Key concerns about the parts model act include:
• Aftermarket parts certification
• The lack of a formal consumer written consent process
• Certified parts equivalency to OEM parts
After conferring with ASA leaders from across the country, ASA has opted to work with committee members to try to get a final resolve for both issues at the November NCOIL meeting. ASA requests that members contact NCOIL Property-Casualty Insurance Committee members requesting that they make final decisions on these issues and if no substantive reforms of the model acts are agreed to, then both acts should be defeated.
The anti-steering provisions were originally combined with the parts proposal under the Proposed Model Act Regarding Motor Vehicle Crash Parts and Repair package.
In South Carolina, NCOIL pulled the anti-steering provisions out of the parts model act. Parts and anti-steering were considered separately in Boston and will again be separate in Austin.
ASA recognizes the profile parts certification has in the industry at this time. A parts certification Town Hall meeting titled "Is Certification the Best Aftermarket Parts Policy for Consumers and Repairers?" was held at NACE as part of Automotive Service and Repair Week in October. Panel participants included Bob Anderson, board member, Certified Aftermarket Parts Association; Charlie Hogarty, chairman, Automotive Body Parts Association; Paul Massie, powertrain and collision product marketing manager, Ford Motor Co.; Karen Fierst, KerenOr Consultants; Jim Smith, consultant, Diamond Standard; and Dan Stander, ASA's Collision Division director, who served as moderator of the parts certification panel discussion.
Much has changed in the parts certification debate since NCOIL began its model act review process. Without more collision repairer input, the current NCOIL model being considered by the Property-Casualty Insurance Committee will not include policy suggestions valuable to the future of the collision repair industry.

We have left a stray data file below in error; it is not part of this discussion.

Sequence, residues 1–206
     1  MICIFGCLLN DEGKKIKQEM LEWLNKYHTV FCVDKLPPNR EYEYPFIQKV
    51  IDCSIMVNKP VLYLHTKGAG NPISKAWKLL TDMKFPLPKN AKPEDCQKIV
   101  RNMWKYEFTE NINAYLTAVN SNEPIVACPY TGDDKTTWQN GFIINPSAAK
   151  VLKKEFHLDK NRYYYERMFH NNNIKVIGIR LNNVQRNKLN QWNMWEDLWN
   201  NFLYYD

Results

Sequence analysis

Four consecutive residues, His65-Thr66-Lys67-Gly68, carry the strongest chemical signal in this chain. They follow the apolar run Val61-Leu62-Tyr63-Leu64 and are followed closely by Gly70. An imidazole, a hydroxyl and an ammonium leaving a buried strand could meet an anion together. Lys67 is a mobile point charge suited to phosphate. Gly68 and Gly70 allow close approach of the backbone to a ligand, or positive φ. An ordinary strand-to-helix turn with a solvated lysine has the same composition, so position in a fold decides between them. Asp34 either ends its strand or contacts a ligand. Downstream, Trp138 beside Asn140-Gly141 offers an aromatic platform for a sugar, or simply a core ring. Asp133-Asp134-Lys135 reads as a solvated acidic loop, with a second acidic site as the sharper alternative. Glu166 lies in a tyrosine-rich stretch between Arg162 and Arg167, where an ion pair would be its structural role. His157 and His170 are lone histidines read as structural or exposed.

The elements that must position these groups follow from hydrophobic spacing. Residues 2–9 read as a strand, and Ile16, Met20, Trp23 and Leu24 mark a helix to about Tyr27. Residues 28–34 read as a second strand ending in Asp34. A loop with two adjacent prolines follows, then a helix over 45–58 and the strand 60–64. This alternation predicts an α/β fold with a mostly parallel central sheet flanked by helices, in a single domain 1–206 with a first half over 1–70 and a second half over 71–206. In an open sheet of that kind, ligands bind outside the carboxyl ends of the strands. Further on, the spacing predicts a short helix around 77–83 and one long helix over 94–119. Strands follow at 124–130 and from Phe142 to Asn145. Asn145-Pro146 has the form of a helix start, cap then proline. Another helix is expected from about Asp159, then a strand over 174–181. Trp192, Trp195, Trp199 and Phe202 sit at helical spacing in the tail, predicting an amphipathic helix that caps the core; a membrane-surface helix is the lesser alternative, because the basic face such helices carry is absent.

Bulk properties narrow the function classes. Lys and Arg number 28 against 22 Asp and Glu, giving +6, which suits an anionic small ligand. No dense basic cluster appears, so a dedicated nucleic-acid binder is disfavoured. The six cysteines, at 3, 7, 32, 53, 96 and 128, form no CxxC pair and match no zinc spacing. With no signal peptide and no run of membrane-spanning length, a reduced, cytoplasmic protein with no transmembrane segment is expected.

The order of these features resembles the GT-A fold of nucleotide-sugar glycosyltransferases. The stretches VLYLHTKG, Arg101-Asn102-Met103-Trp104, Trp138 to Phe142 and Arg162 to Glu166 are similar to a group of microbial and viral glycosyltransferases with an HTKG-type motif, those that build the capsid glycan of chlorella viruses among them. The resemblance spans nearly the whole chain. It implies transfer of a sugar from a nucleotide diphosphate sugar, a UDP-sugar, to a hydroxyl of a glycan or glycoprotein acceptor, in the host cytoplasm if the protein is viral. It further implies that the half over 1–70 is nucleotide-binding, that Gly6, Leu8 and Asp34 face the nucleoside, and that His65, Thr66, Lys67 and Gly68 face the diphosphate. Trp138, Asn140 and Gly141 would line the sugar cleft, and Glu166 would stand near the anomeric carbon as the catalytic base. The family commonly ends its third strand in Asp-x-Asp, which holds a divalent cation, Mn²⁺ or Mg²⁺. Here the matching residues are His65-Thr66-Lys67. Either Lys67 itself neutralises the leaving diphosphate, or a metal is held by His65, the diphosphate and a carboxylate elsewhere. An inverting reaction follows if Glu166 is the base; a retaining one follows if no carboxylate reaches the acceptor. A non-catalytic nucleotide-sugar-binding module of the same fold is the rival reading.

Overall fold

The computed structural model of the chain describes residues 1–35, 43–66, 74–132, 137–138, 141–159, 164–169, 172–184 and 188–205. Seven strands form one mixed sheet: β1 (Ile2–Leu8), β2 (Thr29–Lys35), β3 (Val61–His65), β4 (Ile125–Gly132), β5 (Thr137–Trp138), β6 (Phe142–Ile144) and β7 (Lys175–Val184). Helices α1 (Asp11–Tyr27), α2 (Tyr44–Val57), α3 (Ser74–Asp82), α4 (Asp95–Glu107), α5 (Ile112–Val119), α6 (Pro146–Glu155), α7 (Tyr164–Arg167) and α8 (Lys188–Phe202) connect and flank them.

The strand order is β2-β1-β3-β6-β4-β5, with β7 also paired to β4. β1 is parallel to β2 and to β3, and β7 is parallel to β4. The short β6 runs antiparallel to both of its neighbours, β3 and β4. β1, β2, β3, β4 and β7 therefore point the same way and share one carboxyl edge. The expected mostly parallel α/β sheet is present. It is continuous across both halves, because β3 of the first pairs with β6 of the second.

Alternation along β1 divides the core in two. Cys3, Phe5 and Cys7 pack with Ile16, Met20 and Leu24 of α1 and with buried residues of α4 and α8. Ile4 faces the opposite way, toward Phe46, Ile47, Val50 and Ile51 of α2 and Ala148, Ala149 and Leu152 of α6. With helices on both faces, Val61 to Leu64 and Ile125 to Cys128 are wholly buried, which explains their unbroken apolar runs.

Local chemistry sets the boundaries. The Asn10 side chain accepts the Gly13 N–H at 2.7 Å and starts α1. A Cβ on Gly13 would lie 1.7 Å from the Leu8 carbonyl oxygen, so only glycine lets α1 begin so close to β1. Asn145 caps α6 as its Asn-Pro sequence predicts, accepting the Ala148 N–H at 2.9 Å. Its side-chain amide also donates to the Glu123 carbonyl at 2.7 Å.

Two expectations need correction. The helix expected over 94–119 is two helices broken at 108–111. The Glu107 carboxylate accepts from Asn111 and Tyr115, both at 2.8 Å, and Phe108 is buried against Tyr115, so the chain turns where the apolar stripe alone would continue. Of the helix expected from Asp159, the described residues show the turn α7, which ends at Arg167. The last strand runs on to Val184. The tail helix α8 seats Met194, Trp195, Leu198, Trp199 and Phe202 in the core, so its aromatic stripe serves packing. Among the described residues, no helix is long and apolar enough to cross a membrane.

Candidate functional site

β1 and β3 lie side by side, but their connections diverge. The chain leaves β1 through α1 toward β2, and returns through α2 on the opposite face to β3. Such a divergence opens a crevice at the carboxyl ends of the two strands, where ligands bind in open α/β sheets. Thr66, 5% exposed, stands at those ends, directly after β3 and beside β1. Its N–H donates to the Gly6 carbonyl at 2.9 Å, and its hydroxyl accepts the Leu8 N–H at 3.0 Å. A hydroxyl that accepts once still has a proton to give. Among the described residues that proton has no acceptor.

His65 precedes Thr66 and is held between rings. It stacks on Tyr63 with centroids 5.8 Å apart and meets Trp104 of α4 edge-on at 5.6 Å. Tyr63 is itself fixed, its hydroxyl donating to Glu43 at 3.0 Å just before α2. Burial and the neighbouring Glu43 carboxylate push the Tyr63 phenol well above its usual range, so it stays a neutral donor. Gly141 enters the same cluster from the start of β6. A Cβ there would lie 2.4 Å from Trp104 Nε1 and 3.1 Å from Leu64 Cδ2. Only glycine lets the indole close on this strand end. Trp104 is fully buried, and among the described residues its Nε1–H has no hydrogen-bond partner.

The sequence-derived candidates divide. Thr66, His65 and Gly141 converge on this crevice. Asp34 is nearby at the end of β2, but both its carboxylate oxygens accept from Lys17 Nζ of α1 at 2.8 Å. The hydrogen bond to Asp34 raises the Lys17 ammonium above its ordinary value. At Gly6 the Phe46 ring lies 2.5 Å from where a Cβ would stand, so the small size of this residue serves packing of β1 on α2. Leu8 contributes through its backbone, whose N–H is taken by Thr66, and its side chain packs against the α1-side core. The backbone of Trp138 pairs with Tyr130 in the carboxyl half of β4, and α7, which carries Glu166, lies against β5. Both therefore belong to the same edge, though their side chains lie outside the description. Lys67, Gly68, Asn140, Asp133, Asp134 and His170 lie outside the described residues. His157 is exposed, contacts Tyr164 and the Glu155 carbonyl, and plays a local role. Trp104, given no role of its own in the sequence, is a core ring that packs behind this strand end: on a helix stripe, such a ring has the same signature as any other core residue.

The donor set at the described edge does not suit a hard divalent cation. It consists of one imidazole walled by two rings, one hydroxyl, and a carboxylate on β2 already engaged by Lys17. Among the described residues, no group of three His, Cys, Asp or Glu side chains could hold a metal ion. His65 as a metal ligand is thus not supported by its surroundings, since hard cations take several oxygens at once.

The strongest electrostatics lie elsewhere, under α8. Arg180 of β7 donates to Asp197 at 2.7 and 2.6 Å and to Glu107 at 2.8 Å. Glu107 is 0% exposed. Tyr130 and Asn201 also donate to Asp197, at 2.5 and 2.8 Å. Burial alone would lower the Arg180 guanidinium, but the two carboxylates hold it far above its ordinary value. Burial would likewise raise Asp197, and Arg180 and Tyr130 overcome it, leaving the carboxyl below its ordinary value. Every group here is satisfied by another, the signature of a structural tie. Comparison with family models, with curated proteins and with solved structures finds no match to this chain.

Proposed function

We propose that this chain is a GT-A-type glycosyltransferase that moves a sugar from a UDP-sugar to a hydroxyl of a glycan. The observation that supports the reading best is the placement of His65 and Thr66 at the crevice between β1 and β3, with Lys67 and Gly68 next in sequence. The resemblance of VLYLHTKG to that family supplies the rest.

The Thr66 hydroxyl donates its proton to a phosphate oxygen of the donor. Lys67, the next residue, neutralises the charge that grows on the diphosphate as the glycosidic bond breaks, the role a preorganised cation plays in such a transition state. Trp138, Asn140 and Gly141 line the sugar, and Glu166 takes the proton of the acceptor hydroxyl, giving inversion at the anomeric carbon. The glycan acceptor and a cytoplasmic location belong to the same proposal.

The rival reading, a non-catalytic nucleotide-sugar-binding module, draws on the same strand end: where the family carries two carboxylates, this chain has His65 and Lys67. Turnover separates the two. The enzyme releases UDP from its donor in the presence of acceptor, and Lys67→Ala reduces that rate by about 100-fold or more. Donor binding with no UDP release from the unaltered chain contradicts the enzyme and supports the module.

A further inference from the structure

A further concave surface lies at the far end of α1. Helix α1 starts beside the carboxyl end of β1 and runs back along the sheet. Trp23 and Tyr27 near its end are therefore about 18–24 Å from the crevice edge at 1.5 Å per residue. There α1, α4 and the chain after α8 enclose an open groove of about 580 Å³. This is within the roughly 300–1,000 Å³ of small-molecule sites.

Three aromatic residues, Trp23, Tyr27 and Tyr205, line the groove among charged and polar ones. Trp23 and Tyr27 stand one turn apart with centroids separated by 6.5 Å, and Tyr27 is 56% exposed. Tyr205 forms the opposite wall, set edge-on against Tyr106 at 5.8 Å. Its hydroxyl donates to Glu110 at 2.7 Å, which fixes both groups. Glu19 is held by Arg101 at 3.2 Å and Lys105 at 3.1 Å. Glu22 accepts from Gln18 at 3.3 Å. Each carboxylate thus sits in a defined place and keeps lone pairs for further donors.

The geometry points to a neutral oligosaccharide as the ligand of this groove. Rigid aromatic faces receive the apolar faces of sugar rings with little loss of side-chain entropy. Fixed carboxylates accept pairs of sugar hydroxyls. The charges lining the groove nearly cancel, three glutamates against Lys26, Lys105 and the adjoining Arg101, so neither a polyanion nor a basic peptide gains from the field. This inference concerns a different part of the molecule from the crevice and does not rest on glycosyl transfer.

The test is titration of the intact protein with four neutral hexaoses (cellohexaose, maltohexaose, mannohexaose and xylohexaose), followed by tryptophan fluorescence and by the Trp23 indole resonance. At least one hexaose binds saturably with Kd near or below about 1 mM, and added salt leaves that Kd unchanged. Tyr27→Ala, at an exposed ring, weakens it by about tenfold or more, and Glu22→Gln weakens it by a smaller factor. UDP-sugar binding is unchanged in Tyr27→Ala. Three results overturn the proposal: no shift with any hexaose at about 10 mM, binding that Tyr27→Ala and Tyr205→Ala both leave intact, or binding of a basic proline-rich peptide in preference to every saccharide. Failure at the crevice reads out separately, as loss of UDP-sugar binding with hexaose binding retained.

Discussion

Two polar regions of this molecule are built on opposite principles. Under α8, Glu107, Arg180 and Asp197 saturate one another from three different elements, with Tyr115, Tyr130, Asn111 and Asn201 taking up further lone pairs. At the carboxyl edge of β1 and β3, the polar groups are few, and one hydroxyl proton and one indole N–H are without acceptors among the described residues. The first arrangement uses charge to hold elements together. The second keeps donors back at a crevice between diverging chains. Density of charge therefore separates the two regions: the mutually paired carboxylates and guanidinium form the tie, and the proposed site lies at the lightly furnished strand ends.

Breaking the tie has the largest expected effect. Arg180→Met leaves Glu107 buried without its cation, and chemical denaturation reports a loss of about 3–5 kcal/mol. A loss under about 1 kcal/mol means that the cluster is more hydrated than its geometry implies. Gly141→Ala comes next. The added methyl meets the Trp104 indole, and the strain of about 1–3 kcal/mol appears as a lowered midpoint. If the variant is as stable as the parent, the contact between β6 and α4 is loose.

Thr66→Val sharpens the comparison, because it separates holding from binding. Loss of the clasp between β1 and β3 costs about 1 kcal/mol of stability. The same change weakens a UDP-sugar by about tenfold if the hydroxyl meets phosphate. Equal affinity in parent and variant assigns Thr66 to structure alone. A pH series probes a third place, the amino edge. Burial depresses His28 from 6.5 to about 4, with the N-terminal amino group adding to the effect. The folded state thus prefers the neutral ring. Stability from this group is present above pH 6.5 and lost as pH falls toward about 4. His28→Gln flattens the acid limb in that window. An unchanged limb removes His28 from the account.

The attempt to address steering in the most recent model act also falls short. ASA has made the committee aware that its efforts, although they may be well-intended, could harm the collision repair industry without additional input.
ASA has placed information about these model acts, NCOIL contact information and a pre-written letter for collision repairers to send NCOIL Property-Casualty Insurance Committee members on its legislative website, www.Taking theHill.com. ASA encourages collision repairers to go to the website and send comments opposing both the Proposed Model Act Regarding Motor Vehicle Crash Parts and Repair, and the Proposed Model Act Regarding Insurer Auto Body Steering.
Taking the Hill
DOT, EPA Looking at Fuel Economy,
Greenhouse Gas Emissions
The U.S. Department of Transportation's (DOT) National Highway Traffic Safety Administration (NHTSA) and the U.S. Environmental Protection Agency (EPA) recently issued a Notice of Intent (NOI) regarding fuel economy and greenhouse gas emissions standards for cars and small trucks to be manufactured between the years 2017 and 2025. The EPA claims the initiative will help make it possible for manufacturers to build a single national fleet of cars and light trucks that satisfies all federal and California standards, while ensuring that consumers have a full range of vehicle choices.